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InfoQ Homepage News Securing IoT Devices with Microsoft's Azure Sphere

Securing IoT Devices with Microsoft's Azure Sphere

In an effort to improve security of IoT devices, Microsoft announced Azure Sphere, an end-to-end solution for Internet-connected microcontroller units (MCUs), during the April 2018 RSA infosec conference. Azure Sphere is organized around a three-layer architecture composed of hybrid microcontrollers running a new IoT-optimized Linux kernel and leveraging a cloud-based security service. The first Azure Sphere chip, the MT3620, is developed by MediaTek Inc and is expected to be publicly available in the third quarter of 2018.

The new MCUs are called "crossovers" by Microsoft because they combine both real-time (Cortex-M) and application (Cortex-A) processors into an MCU package, a necessary complexity in order to run a Linux distribution that is, by it's nature, CPU and memory intensive. To some experts, this combination ends up being a full application processor more than a simple MCU.

The chips include built-in network connectivity and Microsoft Pluton, an isolated security subsystem with its own Arm Cortex-M4F core that creates a hardware-based root of trust, stores private keys, and executes cryptographic operations. Programing the MCU takes place in an extended version of Visual Studio.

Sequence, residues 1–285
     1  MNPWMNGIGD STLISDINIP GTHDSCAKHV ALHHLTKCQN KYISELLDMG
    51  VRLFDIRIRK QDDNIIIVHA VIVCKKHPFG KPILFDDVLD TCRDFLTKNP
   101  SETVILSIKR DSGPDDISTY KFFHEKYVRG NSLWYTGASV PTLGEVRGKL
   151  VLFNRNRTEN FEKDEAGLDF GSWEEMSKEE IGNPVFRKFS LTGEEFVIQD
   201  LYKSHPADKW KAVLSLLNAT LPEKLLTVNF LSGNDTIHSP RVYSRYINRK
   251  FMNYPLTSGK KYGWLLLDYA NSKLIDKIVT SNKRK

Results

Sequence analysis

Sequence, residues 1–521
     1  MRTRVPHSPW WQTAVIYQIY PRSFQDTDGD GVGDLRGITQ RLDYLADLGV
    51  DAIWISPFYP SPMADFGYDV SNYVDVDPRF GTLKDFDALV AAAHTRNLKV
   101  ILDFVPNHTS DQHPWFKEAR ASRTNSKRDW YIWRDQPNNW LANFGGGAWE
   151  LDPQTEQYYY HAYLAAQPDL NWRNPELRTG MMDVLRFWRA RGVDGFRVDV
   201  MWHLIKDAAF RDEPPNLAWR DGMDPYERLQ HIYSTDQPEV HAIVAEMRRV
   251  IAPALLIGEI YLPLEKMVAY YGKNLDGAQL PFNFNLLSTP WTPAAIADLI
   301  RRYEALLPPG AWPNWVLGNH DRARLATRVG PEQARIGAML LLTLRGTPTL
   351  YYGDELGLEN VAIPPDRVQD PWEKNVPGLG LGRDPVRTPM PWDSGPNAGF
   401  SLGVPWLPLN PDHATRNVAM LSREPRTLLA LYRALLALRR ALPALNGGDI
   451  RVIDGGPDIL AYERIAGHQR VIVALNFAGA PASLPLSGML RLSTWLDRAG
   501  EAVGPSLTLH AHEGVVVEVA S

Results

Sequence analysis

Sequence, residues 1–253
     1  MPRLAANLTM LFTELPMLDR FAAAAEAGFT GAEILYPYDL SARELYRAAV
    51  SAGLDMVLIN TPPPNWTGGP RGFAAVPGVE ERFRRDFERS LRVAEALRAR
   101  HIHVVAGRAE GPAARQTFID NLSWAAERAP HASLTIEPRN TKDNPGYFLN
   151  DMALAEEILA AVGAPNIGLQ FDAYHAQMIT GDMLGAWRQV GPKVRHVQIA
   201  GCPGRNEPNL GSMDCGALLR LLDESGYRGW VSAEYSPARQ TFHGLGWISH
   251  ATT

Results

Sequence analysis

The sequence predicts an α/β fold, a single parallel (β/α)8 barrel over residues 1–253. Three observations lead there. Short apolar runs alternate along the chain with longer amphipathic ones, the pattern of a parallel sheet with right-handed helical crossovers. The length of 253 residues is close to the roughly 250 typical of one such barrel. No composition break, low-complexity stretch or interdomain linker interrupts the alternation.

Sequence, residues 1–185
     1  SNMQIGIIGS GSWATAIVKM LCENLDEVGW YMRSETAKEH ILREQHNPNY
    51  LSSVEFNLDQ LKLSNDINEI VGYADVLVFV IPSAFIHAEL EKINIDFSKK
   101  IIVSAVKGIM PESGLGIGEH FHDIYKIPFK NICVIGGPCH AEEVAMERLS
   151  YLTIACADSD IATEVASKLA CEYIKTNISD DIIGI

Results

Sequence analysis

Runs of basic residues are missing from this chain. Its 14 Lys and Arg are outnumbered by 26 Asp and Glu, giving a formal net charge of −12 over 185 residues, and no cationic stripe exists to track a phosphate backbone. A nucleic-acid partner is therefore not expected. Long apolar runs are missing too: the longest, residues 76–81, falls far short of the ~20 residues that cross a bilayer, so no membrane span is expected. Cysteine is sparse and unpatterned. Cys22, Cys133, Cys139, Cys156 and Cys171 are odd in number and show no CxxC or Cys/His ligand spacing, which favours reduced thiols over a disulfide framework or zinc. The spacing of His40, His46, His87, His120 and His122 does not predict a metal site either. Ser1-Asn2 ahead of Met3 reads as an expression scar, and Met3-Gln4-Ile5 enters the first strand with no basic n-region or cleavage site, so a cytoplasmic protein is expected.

The new Linux kernel is a real-time operating system (RTOS) optimized for an IoT environment. It represents Microsoft's first-ever Linux distribution. The choice of Linux over Windows 10 IoT Core was required to allow the operating system to fit onto IoT node devices that have limited memory and power.

The silicon security technologies are licensed to partners royalty-free to lower the price of the device but Microsoft will charge a one time-fee per device to access the Azure Sphere security service. This cloud-based security service acts as an adaptive guarding layer for the devices by handling software updates, currently one of the major security weakness of IoT devices, as well as failure reporting, and authentication.

Azure Sphere is currently in private preview with the MediaTek MT3620 chip being tested by customers. Public availability of the chip is expected for summer of 2018 and dev-kits by the middle of the year. Microsoft's goal is to have Azure Sphere devices on the market by the end of the year.

This move by Microsoft follows a similar announcement by AWS last November to open source Amazon FreeRTOS, an AWS project built on the FreeRTOS kernel v10. The FreeRTOS Kernel was initially created in 2003 by Richard Barry, and is said to be "the most popular OS for embedded devices".

Driven by the business opportunities created by IoT devices, the MCU market is predicted to reach 27 billion units by 2020 for a market worth $20 billion according to an MCU market forecast by IC insights, a semiconductor marketing research company. However, as recent botnet and ransomware attacks have shown, IoT security poses a major risk for global Internet operations. To answer that threat, the Azure Sphere initiative was started in 2015 with a small team within the Microsoft AI+Research NExT division. The team identified Seven Properties of Highly-Secure Devices which layed out the ground work for the security measure and strategy implemented in Azure Sphere.

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